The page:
Basic nutrition 101: Calories

5 things you need to know about calories and what it does.

1) Calories are energy.

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Humans and all other living creatures require energy for survival, but where does this energy come from?


The thing is, how do we quantify said mentioned energy? That’s where calories come in.

A calorie is a unit of measurement for energy.
1 calorie is the approximate energy required to increase the temperature of 1 gram of water by 1 degree’s Celsius, about 4.184 Joules to be exact for all you melancholic out there.

Today we generally measure calories in the form of Kilo calories or Kcals.

If we further break this down, this form of energy come from 3 major nutrient groups or the macro nutrients, carbs, protein and fats, where 1g of carbs and protein provides approximately 4 kcal and 1g of fat providing 9 kcal.

2) Each person has different daily caloric requirements.

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From birth all the way to end of life, every single person at every different life cycle has a different daily caloric need.

Now for the general adult population, there are general rule of thumbs based on where you’re from, most country health organisations recommend somewhere within the 2,000 Kcal – 2,500 Kcal/day range, give or take 200 Kcal or so.

But the truth is, to just give a range sometimes can be very misleading and unhelpful.

Here’s why, a range is an average of caloric needs of a certain nation and may or may not necessarily be appropriate for you.

Depending on many factors like age, weight, height, physical activity level, enzyme level and many more, a person’s caloric requirement will certainly differ from 1 to another.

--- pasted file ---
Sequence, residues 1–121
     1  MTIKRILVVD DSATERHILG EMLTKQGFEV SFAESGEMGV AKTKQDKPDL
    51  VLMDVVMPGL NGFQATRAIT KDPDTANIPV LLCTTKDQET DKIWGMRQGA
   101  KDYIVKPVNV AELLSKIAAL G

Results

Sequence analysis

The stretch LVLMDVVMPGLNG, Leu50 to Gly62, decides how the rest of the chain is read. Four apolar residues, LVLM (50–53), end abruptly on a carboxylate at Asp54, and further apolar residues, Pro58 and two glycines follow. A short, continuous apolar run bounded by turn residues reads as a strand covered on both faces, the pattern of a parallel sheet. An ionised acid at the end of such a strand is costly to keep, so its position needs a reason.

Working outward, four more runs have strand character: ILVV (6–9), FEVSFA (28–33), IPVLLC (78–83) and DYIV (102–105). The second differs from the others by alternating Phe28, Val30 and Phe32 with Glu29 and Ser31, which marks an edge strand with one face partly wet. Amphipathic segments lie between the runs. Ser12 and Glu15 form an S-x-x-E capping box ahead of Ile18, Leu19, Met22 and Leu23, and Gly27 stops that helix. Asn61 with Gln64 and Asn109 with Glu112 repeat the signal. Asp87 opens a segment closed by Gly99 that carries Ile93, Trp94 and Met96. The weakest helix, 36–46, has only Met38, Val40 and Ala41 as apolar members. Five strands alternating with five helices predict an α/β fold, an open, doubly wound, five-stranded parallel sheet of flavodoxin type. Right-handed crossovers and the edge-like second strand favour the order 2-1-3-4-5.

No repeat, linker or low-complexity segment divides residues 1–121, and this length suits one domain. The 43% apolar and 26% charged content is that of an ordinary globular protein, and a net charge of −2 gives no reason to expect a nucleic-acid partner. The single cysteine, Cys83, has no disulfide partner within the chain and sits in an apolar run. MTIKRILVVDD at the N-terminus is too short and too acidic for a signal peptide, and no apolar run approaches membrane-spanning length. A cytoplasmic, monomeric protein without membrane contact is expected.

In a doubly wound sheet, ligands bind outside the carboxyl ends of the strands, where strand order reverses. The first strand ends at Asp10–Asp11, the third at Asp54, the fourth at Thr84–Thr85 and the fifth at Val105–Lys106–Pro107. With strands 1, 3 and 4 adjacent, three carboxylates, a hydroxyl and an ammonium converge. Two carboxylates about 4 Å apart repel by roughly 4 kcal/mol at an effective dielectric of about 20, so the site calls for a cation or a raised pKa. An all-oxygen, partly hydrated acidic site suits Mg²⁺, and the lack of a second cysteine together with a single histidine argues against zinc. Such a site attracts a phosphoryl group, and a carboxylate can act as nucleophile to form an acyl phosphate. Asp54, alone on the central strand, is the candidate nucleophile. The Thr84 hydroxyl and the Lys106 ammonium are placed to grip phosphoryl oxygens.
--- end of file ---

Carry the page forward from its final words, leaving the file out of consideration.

How is determined?

Well normally, in most hospitals or practices, dietitians tend to stick to certain Kcal/Kg guidelines depending on the condition of the patient, and some even compare them with multiple other equations and formulas derived from many many years of research on the matter.

But the true gold standard is the indirect calorimetry method where, a person’s body at rest is placed in an enclosed chamber with certain fixed environmental factors, and the gases exchange via breathing is then used to determine the person’s basal metabolic rate or essentially, the minimum amount of calories needed to keep you alive, from there we can then extrapolate it to your daily caloric needs depending on your physical activity level and what not.

Technical, huh?

So what I’m trying to get at, is the next time someone comes over and tell you, hey man, I went down to this 1,500 Kcal/day diet and I’m super fit and slim now, it may not necessarily work for you, get it?

3) Calories are the first component of proper nutrition.

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When it comes to obesity, one of the worst non-communicable diseases known to mankind, or just basic proper nutrition for that matter, calories are very very important.

Here’s why,